The first European to explore Michigan, Etienne Brule, came in about 1620. Michigan was part of New France or Canada from 1668 to 1763. In 1701, the French officer Antoine de la Mothe Cadillac, along with fifty-one additional French-Canadians, founded a settlement called Fort Pontchartrain du Detroit, now the city of Detroit. When New France was defeated in the French and Indian War, it ceded the region to Great Britain in 1763. After the British defeat in the American Revolutionary War, the Treaty of Paris (1783) expanded the United States’ boundaries to include nearly all land east of the Mississippi River and south of Canada. Michigan was then part of the “Old Northwest”. From 1787 to 1800, it was part of the Northwest Territory. In 1800, the Indiana Territory was created, and most of the current state Michigan lay within it, with only the easternmost parts of the state remaining in the Northwest Territory. In 1802, when Ohio became a state, the whole of Michigan was attached to the Territory of Indiana, and so remained until 1805, when the Territory was established.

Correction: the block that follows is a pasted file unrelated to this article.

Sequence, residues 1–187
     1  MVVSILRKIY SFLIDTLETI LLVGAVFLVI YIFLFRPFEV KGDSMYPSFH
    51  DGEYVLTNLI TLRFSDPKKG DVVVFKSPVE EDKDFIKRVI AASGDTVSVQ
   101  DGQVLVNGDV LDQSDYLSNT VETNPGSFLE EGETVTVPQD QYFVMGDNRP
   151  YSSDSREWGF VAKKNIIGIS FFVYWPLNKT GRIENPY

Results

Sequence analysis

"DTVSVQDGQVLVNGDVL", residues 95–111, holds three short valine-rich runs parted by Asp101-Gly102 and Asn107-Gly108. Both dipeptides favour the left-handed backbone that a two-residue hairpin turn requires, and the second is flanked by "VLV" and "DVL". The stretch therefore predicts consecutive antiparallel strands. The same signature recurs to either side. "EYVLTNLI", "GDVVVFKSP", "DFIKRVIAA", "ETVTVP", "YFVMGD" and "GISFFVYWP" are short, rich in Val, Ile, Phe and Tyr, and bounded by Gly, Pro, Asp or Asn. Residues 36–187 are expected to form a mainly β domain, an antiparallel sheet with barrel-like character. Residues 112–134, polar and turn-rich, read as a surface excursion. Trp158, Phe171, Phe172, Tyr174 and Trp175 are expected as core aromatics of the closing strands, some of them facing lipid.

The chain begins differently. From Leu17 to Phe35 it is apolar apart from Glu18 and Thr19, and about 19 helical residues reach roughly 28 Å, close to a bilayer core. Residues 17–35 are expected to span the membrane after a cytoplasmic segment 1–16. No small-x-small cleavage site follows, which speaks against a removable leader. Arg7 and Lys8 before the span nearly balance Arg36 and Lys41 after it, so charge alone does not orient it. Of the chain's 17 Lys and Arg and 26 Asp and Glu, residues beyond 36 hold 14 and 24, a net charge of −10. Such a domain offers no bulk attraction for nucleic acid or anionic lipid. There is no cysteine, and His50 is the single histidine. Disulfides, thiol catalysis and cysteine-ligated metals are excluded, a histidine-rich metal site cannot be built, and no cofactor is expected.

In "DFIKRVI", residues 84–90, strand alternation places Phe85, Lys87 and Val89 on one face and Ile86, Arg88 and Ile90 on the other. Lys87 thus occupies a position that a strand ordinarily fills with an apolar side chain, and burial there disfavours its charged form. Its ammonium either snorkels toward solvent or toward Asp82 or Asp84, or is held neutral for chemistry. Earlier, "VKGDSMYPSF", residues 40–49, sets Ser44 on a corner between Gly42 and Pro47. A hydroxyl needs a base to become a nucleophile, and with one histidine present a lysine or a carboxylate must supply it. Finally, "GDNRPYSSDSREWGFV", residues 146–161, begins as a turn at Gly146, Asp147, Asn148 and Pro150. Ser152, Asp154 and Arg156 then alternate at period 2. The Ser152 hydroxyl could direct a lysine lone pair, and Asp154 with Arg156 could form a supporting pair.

The Michigan Military Heritage Museum features one of the original British Cannons from Fort Detroit. The cannon was has been restored and is on display along with some Native American artifacts from the region.
The picture below is of the Ojibwe tribesmen playing a rowdy ball and stick game similar to lacrosse and suddenly rushed the open gates of Fort Michilimackinac and massacring the small garrison and English inhabitants. It was the westernmost attack in a continent-spanning uprising against English rule led Pontiac in 1763.